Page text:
Spout Bottom vs. Flat Bottom Bulk Bags - What's Right For Your Application?

Spout Bottom vs. Flat Bottom Bulk Bags - What's Right For Your Application?

One critical question to ask yourself when considering purchasing flexible intermediate bulk containers is “how am I going to discharge this bag?” There are a variety of ways to discharge bags but not every method is a good fit for certain applications.  

In this post, we will examine the differences between spout bottom and flat bottom FIBCs and attempt to determine which type of bag is right for your application.

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Flat Bottom Bulk Bags

Flat bottom flexible intermediate bulk containers are constructed similarly to other bags. The only major difference is the lack of a discharge option on the bottom of the bag. Commonly used flat bottom bags are constructed with either an open top or a duffle top and usually are not coated. These types of bags are usually used for very specific applications 

One specific application where flat bottom bags are necessary is when the user plans on discharging the bag by cutting an X in the bottom. If another discharge option is present on the bottom of the bag, it can be quite difficult to cut.  

Flat bottom bags can be hard to find in stock and this can be a major challenge when using this type of bag. They are not commonly used, so not as many suppliers keep them in-stock for on-demand orders. Many suppliers require 90-120 days to fulfill flat bottom bag orders which can be a huge problem for business that do not plan ahead.

 

Spout Bottom Bulk Bags

Discharge spouts are the most commonly used discharge option on Flexible Intermediate Bulk Containers. Discharge spouts are located on the bottom of the bag along with a safety tie to ensure the contents of the bag do not leak.  

Discharge spouts can be accompanied with a safety valve, spout cover, or flap to provide additional protection from product leakage.

 

Using Spout Bottom Bulk Bags In Lieu of Flat Bottom

Although you may not want to discharge your product through a bottom spout, that doesn’t mean that the bag that you use can’t have a spout bottom. Given the fact that it can be hard to find flat bottom FIBCs that are in-stock and the right size for your application, consider using spout bottom bags instead.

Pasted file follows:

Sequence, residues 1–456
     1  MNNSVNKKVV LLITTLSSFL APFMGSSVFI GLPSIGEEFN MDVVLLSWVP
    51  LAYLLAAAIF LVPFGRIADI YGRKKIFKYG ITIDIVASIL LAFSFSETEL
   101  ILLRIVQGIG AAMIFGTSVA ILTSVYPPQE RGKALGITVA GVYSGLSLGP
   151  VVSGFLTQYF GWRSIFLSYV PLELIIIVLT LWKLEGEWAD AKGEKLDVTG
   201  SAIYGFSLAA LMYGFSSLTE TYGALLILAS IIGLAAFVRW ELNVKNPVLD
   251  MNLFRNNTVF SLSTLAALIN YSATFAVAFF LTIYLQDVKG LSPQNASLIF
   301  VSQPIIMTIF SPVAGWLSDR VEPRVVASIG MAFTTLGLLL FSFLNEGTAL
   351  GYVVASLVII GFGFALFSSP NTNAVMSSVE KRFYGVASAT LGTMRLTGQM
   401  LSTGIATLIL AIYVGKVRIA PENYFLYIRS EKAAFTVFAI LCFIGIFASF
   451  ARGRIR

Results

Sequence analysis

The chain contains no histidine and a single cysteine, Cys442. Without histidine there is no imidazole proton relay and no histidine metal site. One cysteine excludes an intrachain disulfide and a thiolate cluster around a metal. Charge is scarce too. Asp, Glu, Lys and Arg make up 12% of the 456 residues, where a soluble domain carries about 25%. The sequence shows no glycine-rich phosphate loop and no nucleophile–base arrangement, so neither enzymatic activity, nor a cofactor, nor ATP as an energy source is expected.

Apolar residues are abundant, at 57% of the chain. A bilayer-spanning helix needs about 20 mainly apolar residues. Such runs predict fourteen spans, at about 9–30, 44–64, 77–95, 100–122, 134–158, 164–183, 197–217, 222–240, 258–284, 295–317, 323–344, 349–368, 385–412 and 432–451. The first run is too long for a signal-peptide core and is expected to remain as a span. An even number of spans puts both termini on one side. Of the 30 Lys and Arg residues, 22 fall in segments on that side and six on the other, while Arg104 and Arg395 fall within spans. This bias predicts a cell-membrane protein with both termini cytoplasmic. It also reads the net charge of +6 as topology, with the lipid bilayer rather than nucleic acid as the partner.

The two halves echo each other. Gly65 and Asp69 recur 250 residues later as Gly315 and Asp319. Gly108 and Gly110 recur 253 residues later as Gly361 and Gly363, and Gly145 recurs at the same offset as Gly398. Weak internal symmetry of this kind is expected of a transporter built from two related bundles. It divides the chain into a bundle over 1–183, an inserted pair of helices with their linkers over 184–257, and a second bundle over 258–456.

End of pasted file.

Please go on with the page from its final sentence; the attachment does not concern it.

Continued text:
Spout bottom FIBCs with duffle tops or open tops can act the same as a flat bottom bag. With double safety mechanisms on spout bottom bags ( a tie to release the spout bottom, and a second tie on the spout to release the product) flat bottom bag users won’t notice the difference.  

If you traditionally use flat bottom FIBCs, consider using spout bottom bags with open top or duffle top. In-stock available options for your application will most likely be much greater. 

 

Thanks for Reading!

It's our mission to make your bag buying experience easy, informative, and enjoyable. We also want to share our knowledge with you, so you can make the best purchasing decision for the company you represent. Our Buyer's Guide to Purchasing Bulk Bags includes critical information ranging from types of bags to important safety information about handling and transportation. 

A Buyer's Guide to Bulk Bags - National Bulk BagDownload the guide by clicking below. By downloading, you’ll learn all about:  

  1. Types of bags
  2. Coated vs. uncoated
  3. Liners
  4. Bags with baffles
  5. Types of lift loops
  6. 5:1 & 6:1 safety guidelines
  7. Much more!

Click the button below to download our comprehensive buyer’s guide.

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September 17, 2018

Categories: Bulk Bag Construction

About the Author: Alec Dicken

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Product Weight Guide and FIBC Volume Calculator

Download our Product Weight Guide and FIBC Volume Calculator to help you determine how much weight a specific bag will hold.


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